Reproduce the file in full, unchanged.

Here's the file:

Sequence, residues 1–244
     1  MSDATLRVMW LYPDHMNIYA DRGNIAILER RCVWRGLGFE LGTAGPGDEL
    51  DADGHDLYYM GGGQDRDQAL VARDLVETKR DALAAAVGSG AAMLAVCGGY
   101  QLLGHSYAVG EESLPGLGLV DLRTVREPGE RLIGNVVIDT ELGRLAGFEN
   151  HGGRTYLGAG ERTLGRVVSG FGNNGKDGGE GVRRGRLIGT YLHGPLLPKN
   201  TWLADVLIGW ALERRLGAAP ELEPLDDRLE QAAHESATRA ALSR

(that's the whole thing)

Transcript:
Sequence, residues 1–244
     1  MSDATLRVMW LYPDHMNIYA DRGNIAILER RCVWRGLGFE LGTAGPGDEL
    51  DADGHDLYYM GGGQDRDQAL VARDLVETKR DALAAAVGSG AAMLAVCGGY
   101  QLLGHSYAVG EESLPGLGLV DLRTVREPGE RLIGNVVIDT ELGRLAGFEN
   151  HGGRTYLGAG ERTLGRVVSG FGNNGKDGGE GVRRGRLIGT YLHGPLLPKN
   201  TWLADVLIGW ALERRLGAAP ELEPLDDRLE QAAHESATRA ALSR